Why It's Not Smart to Call Women Conservatives 'Whores'
Continued from previous page
That's partly because gendered language is so deeply ingrained in our discourse that its impact is complex and difficult to parse out. If you spend a lot of time reading feminist blogs or sitting in gender-theory classes or generally thinking about this stuff, it's obvious why a public official calling a woman a whore is out of line, even if it's meant figuratively. As Adele Stan pointed out in a great blog post, "the sting of the word 'whore,' even when applied to me, is in the word's inherent sexism."
Sure, we want strong, aggressive, outspoken firebrands to counter conservative propaganda. But to be effective, that aggression need not involve putting down female conservatives by using language belittling to all women.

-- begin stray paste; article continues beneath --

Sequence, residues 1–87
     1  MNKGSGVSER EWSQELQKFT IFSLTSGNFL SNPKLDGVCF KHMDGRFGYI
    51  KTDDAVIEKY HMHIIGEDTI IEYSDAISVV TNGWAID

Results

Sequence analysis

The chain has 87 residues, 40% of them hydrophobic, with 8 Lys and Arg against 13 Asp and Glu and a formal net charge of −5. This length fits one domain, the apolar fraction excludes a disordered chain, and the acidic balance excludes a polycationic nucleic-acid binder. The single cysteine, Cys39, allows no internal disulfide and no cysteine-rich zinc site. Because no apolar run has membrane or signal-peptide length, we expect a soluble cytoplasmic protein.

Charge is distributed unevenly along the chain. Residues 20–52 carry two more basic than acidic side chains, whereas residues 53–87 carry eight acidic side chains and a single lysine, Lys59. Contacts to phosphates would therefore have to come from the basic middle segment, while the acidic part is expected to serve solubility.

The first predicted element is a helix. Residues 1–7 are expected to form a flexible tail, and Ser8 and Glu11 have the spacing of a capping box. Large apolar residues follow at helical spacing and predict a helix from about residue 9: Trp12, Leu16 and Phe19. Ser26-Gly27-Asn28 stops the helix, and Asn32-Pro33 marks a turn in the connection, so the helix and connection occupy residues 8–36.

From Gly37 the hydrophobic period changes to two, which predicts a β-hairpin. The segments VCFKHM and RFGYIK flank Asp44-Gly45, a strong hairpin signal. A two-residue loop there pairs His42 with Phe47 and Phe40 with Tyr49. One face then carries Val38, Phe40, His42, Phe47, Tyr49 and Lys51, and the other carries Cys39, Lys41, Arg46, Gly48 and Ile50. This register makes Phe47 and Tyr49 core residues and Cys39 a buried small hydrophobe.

And for the record, this is not a plea for politeness.
I love that Olbermann stares down the camera and doesn't back away from controversy. I love the loud, aggressive language deployed in the blogosphere. I call people names all the time. I also have no interest in spinning arguments about how men are naturally more aggressive, and how if women, with their purportedly angelic nature, took over, everyone would be much nicer.
Politeness is boring. Combating the insane lies propagated by conservatives in their efforts to derail a progressive agenda demands strong language. But you don't have to be a wuss to avoid falling into the trap of sexism.
Tana Ganeva is an associate editor at AlterNet.